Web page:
Wellbeing

What People Mean to Say When the Wrong Words Come Out

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All of us have either said something we regret, or been on the receiving end of remarks that were supposed to be helpful, but turned out instead to be hurtful.

So why do insensitive and downright dumb things pop out of the mouths of people who truly mean well, especially in response to serious health situations? The short answer: human nature.

Cure for Foot-In-Mouth

In our last article: 7 Things You Should Never Say to Patients or Caregivers, we offered tips on how to keep foot and mouth a fair distance apart.

As a reminder, pinch yourself—really hard—if any of these words ever begin to tumble from your lips:

  •  “Everything happens for a reason.”
  • “This is God’s plan.”
  • “What doesn’t kill you makes you stronger.”
  •  “At least it’s not cancer.”
  •  “Just think positive thoughts.”
  • “God doesn’t give you more than you can handle.”
  • “At least you have one healthy child.

Everyone Means Well

And now for a longer answer to the question, “Why Smart People Say Dumb Things?”

People almost always mean well. Most CaringBridge users would probably find this to be true.

But sometimes when people are trying to say they care, or that they feel really bad about what is happening, things get muddy.

If only there was an international signal for “Stop Talking! Right now! Please!”

Translate the Message

It is often helpful to look for the sentiments that lie behind clumsy expressions. What are people actually trying to say when the wrong words come spewing out?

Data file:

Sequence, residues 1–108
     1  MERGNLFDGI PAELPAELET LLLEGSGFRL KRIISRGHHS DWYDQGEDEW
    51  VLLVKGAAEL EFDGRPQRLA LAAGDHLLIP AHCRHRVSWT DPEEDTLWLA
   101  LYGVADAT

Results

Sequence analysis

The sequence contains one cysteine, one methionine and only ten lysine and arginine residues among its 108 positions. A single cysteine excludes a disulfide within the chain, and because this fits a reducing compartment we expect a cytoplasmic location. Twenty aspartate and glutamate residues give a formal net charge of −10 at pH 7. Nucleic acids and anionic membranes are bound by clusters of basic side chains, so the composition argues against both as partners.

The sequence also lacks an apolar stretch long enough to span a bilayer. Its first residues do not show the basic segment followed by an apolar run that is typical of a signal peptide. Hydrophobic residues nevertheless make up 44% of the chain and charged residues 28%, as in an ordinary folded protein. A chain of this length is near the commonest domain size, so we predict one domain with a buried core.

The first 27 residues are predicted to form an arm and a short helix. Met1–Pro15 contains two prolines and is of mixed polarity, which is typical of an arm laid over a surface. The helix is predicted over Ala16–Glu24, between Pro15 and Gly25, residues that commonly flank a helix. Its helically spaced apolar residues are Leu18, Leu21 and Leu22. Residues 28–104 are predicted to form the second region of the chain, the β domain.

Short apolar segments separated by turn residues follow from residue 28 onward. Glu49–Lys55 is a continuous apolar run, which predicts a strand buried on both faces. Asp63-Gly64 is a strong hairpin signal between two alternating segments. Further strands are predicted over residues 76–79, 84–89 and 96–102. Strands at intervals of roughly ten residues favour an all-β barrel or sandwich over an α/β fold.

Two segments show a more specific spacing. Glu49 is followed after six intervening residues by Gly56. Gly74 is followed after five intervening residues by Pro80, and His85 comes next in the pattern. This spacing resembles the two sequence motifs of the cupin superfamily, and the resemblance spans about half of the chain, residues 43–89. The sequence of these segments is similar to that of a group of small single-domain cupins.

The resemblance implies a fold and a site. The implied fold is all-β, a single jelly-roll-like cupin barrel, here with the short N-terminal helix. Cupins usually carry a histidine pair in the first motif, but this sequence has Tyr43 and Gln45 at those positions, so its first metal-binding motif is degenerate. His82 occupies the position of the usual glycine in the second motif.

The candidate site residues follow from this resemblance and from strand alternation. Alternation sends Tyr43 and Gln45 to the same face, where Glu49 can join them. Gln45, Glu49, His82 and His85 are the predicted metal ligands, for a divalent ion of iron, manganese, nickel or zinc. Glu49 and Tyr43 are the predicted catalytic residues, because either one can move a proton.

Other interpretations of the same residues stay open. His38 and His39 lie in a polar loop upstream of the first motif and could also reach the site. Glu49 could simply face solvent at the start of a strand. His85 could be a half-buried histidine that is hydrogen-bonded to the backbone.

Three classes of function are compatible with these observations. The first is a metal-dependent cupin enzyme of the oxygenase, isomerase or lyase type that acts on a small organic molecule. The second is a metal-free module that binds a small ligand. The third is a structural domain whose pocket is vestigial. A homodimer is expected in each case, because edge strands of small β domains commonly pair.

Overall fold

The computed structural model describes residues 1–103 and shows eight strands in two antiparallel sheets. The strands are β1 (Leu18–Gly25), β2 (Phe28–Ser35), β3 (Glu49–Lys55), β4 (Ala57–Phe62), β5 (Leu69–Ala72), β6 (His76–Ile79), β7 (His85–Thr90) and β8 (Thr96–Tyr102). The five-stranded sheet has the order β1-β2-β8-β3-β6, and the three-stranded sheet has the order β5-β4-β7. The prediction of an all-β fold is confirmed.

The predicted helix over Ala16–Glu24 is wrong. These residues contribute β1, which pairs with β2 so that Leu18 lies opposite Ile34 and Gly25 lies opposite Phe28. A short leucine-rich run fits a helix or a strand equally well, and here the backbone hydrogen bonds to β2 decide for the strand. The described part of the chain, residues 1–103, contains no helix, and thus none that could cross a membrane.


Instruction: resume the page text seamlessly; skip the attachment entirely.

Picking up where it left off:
Probably they are trying to say they feel terrible, and would do anything to take away pain and suffering. It’s just not easy to say.

CaringBridge users have said that nearly every mangled communication about a health situation is an attempt to express one or more of the following:

  • “I care.”
  • “You’re so strong.”
  • “I have faith that you’re going to get through this.”
  • “I’m here for you.”
  • “My story that is similar shows I have a glimmer of what you may be going through.”

Care to Share Your Own Tips?

Please add to the conversation by sharing in the “Comment” section below how you may have translated the actual meaning of something that has been poorly said.

Comments

Post a Comment

Bob Clarke Aug 16, 2017 8:33am
Great advise.
Critter-Girl Aug 12, 2017 1:02pm
Share more articles like this. I'm finding I have to educate everyone around me. The teaching needs to happen BEFORE i get really sick. Most people have not dealt with being really ill. They don't understand the consequences.
Pat Derenburger Aug 11, 2017 10:14am
When I was diagnosed with breast cancer, my "best friend" of 25 years treated me like I had the plague. All she would say was, "I just don't know what to say". As a result, she said less and less until she more or less disappeared from my life. Another friend told me she was praying for me, sent frequent, chatty e-mails, made short, light-hearted calls, and sent cards or notes. That meant the world to me. She found things for us to discuss that weren't connected to my cancer. We found lots of things to laugh about. Getting my mind off my condition and treatment was the best therapy in the world.
Beth Aug 11, 2017 8:04am
Do we HAVE to say something? Just showing up means the world to one who is suffering. A hug, not meaningless words, means more than can be expressed.
Lisamolloy Aug 11, 2017 4:30am